Monday, February 19, 2018

Media Fail: Democrats Have No Money for Pennsylvania Special Election

Another special Congressional election looms on the horizon, this time in Eastern Pennsylvania. The Keystone State was the key state which helped President Trump win in 2018.

Tim Murphy, the incumbent, had established a commensurate pro-life rating, but was caught cheating on his wife and then induced his mistress to abort the child that he had fathered. Such behavior is unacceptable.

He resigned last year, which was fitting, to say the least. It is worth noting, however, that no one had to pressure him at length to resign, while US Senator Al Franken stalled for months after vividly offensive photos revealed that he had groped a female newscaster, which followed with other women speaking out against him.

Now the PA-18 district is wide open, and Democrats are expanding their strategy to take back the House of Representatives by flipping this district from red to blue. Democrats have already racked up unsettling victories in state and local races all over the country. Their luck in Congressional races has stalled, however.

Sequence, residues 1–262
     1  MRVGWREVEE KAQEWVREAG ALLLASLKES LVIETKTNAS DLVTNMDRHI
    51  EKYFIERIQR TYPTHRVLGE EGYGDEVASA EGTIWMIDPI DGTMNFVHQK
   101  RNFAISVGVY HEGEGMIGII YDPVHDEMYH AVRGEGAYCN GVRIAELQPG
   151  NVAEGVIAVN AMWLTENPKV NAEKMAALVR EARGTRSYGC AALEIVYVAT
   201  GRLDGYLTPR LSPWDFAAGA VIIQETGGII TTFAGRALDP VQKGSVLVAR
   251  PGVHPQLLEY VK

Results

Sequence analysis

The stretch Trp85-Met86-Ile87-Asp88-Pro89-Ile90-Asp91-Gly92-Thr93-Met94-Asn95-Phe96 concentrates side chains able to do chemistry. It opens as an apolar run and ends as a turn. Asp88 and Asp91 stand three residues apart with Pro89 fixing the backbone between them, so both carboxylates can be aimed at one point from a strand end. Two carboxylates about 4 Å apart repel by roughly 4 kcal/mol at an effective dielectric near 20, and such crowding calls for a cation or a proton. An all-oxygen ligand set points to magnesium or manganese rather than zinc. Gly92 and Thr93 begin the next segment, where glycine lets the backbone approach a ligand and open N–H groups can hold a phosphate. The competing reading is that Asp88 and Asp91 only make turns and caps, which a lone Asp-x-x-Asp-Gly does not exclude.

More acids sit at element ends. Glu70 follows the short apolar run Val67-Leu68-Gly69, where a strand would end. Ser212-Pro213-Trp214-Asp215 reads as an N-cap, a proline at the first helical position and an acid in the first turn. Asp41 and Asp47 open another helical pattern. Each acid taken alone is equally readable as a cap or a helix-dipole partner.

It very likely may stall again, especially since Democrats have stopped spending money in the race.

National Democrats aren't committing to pour additional resources into a closely watched Pennsylvania special election, even though the latest poll shows the party within striking distance.

The Democratic Congressional Campaign Committee (DCCC) has spent a little over $300,000 to boost Democrat Conor Lamb in Pennsylvania's 18th District. But since then, the House Democrats' campaign arm has remained on the sidelines while Republican groups continue their barrage of attack ads.